The outlook for European building materials companies remains negative, says Moody's Investors Service in a new Industry Outlook report. Despite the fact that a bottom may have been reached in terms of volumes in most markets, the industry remains under pressure and signs of recovery remain elusive.
“Demand for building materials in 2010 is likely to remain weak, leading to companies posting - at best only slightly improved results compared with 2009,” says Matthias Hellstern, Moody's senior vice president and author of the report. “Higher energy costs in H2 2010 could also lead to a squeeze in profitability if prices cannot be adjusted accordingly.”
In the report, Moody's says that due to seasonality and the time it takesto implement projects, economic stimulus programs will only have an effect towards H2 2010 and will then only partially help offset lower demand from non-residential and residential construction. Furthermore, with the economic stimulus packages due to expire in 2011, Moody's believes that questions remain regarding how sustainable the recovery in commercial and residential construction in mature markets will be, which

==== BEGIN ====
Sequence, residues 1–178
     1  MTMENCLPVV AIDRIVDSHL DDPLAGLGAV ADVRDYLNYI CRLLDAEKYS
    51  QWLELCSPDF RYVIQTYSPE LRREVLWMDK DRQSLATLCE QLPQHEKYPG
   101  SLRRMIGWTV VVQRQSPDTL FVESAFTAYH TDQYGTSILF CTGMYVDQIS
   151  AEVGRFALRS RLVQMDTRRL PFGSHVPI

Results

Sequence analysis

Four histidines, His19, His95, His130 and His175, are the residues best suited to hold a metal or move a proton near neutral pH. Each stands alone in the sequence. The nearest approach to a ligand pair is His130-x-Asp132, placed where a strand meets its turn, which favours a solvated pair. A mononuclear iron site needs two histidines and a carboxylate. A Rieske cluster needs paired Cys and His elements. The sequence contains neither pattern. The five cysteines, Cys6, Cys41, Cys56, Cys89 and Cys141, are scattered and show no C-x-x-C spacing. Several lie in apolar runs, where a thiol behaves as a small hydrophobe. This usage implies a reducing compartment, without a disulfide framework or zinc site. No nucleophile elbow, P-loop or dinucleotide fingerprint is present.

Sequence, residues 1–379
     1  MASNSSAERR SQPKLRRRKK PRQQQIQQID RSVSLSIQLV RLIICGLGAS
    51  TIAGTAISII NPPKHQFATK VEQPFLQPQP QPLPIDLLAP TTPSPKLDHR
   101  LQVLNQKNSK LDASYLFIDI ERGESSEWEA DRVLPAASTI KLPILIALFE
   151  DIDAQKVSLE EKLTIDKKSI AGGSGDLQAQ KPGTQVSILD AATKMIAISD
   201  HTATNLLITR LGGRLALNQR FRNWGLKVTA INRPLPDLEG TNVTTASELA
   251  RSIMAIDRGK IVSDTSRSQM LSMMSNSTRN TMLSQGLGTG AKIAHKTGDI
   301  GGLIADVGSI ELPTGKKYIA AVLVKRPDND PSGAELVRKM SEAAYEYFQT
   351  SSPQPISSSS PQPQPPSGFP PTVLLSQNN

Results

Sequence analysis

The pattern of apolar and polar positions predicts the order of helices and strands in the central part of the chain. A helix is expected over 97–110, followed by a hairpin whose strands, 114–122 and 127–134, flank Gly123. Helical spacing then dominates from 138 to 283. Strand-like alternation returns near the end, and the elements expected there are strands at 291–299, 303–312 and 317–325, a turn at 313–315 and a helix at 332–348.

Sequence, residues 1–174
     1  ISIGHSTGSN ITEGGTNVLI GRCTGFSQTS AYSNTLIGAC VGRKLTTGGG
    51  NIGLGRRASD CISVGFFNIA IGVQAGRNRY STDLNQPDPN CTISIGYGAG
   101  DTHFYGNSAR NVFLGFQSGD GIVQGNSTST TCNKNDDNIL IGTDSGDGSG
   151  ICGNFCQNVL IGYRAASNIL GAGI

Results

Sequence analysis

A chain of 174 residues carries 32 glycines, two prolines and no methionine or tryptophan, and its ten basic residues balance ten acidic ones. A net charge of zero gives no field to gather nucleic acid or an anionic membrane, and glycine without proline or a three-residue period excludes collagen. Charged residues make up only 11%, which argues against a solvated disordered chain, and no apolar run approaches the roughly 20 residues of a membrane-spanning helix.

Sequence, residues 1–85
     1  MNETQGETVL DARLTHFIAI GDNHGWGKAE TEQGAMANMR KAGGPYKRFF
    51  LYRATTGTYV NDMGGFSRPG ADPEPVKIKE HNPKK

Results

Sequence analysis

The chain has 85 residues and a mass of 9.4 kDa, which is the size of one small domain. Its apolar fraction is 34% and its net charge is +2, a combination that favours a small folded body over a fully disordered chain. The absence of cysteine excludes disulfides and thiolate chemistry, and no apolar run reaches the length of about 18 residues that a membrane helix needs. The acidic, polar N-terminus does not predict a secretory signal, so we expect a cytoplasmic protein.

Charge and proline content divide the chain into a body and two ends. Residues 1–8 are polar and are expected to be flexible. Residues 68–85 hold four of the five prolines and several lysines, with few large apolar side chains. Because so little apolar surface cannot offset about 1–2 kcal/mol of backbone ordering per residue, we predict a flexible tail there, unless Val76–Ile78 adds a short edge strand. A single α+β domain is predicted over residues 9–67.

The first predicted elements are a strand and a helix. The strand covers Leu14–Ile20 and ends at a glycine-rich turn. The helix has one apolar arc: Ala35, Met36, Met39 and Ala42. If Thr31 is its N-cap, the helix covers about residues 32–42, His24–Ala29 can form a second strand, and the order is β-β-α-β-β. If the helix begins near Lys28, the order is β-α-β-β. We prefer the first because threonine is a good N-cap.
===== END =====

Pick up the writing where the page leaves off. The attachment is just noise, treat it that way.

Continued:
could lead to renewed pressure on volumes and prices.
“Moderate pricing pressure will continue, especially due to low volumes in mature markets, such as the US, the UK or Spain, as well as continued volume declines in some markets in Eastern Europe. Prices should remain stable in the consolidated markets of France and Scandinavia,” Hellstern predicts.
This year's harsh winter weather will most likely lead to extremely weak results among cement companies in Q1 2010, but that should not be reflective of the expected performance throughout the year. Moody's will focus its analysis in 2010 on early signs of recovery of construction activities as soon as the weather allows. “In addition, we will continue to review the companies' short-term liquidity and refinancing situations and their prospects for profitability despite the weak economic environment,” says Hellstern.
The rating agency notes that there are some positive signs in certain markets, such as Africa, South America, India, Indonesia and China in terms of demand, primarily driven by positive GDP growth, population growth and increasing urbanization. “However, we expect the construction industry to continue to struggle this year in the UK and Spain, hence building materials volumes will continue to decline there. Construction activity in other regions, such as Germany and France, is likely to stabilize or decline only slightly, while it should pick up compared to 2009 in other markets, such as Poland, North Africa, South America and Asia,” Hellstern concludes. (BBJ Online)